I sped to the grocery store after work yesterday so I could get there before the evening shopping rush hour. First thing that greeted me was a sign taped to one of the entrance doors: “THIS DOOR IS LOCKED AT DARK.” Mourning the decline of the poor English language that I love so well, I entered.
Happily there were very few people in the store. One of those few customers felt it mandatory to park her cart in the middle of the aisle while she leisurely tried to remember what it was she was looking for, making it impossible for me to get my cart past her. By law, there’s always at least one of these types in every grocery store. Yes, I could have asked her to move aside. But what if I accidentally rolled my eyes or something as I was going by and she took out a knife and reduced me to a bleeding pile of human filet? Best not to tempt fate. Just like I don’t want to ask any of the clueless jerks on the subway to move their giant shopping bags off the seat so I can sit down. I’m sure their shopping bags are very tired. But not as tired as I am. Anyway, I made a U-turn and used another aisle as a detour.
In American supermarkets there are often plastic wands that can be placed on the checkout conveyor belt to separate your items from the customer’s just ahead of you. There were only two wands at this checkout stand, and the cashier was placing them down right next to herself, where no one else could reach them. You had to wait until it was your turn to be checked out so that you could place the wand behind your stuff because the person waiting after you couldn’t reach the thing. Oh, yes, you could suggest that perhaps there might be a better way to do that. But you just don’t want to ruin your evening with the possibility of a nasty encounter with the cashier when you’re almost out of there scot free.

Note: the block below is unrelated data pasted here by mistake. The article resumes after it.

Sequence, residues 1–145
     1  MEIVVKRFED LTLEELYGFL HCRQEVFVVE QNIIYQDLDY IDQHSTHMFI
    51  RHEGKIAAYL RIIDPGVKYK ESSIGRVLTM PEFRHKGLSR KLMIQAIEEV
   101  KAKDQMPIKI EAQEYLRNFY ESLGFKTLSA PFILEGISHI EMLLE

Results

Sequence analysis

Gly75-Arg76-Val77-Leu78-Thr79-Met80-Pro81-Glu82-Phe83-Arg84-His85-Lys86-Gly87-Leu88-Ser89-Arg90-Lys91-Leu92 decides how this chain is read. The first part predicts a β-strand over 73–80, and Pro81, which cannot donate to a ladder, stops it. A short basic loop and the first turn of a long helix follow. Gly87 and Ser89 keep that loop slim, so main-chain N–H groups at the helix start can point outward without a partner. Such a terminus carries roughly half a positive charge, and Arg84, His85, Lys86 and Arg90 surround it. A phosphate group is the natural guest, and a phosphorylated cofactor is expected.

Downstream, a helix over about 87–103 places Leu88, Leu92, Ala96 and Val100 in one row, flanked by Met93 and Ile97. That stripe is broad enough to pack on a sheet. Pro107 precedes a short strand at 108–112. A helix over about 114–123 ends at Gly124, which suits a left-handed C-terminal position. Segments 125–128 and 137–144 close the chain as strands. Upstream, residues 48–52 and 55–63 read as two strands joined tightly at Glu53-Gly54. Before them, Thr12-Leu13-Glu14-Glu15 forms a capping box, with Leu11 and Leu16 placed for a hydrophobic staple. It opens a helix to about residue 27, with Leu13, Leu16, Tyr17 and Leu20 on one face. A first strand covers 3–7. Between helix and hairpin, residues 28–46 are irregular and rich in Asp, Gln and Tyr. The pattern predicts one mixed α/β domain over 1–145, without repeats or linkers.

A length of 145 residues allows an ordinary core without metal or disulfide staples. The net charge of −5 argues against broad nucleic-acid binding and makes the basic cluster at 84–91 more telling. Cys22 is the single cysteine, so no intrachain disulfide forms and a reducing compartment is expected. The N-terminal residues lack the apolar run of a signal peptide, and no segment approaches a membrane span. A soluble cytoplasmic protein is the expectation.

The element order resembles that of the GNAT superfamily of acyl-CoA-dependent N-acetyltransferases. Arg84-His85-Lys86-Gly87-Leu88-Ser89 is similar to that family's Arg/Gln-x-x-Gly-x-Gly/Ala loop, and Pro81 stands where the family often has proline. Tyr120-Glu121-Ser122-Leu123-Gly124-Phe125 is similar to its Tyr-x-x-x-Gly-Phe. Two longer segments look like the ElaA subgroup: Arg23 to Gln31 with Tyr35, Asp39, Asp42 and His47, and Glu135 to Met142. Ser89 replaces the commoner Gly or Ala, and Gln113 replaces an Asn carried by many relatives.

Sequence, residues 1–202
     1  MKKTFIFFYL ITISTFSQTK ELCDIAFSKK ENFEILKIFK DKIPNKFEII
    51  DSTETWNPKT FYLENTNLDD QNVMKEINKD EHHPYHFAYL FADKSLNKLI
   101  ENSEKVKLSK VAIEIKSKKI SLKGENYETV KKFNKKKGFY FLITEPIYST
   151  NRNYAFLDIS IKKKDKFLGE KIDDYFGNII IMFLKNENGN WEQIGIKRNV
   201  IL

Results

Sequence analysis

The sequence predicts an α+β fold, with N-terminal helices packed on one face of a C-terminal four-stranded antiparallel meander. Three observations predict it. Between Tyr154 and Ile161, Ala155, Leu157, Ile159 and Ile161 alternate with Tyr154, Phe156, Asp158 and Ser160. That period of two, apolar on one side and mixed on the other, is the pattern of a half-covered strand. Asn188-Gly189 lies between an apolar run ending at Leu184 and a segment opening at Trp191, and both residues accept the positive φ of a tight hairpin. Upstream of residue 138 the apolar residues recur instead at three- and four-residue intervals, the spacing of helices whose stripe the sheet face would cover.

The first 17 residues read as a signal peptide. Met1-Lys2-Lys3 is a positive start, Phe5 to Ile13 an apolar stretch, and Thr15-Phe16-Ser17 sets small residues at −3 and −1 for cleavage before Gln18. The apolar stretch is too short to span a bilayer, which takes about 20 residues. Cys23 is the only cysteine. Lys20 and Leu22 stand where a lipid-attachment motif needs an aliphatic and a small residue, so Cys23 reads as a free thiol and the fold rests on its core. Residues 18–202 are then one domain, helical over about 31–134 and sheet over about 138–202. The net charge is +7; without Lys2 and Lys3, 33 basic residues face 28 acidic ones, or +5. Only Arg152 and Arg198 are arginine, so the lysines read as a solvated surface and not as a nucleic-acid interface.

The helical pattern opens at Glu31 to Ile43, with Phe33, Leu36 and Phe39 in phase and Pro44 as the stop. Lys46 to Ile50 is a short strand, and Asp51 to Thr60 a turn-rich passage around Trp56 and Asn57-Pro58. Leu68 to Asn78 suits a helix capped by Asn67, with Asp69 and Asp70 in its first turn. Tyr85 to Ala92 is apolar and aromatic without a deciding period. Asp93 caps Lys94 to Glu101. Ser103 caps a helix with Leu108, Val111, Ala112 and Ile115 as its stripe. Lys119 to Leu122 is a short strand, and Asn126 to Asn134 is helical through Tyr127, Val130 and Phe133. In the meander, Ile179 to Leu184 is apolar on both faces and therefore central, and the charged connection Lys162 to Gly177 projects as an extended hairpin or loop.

After I unloaded my groceries in the back of my car, I was wheeling the cart back to the front of the store. A taxi zipped in front of me and parked in front of the store to drop off a passenger, precisely in front of the ramp where you push the shopping cart into the storage area near the front door. The passenger left, but the taxi sat there, blocking the ramp. I debated whether it would be better to ask him to move or just heave the shopping cart over the curb. After about seven seconds, he saw me standing there staring at him with the huge shopping cart and it occurred to him to move the car.
So often the simplest encounters with the inconsiderate escalate and turn on the aggrieved. Most of the time, I don’t think it’s worth the risk to speak up. You seriously never know who’s a loon and who’s carrying a weapon.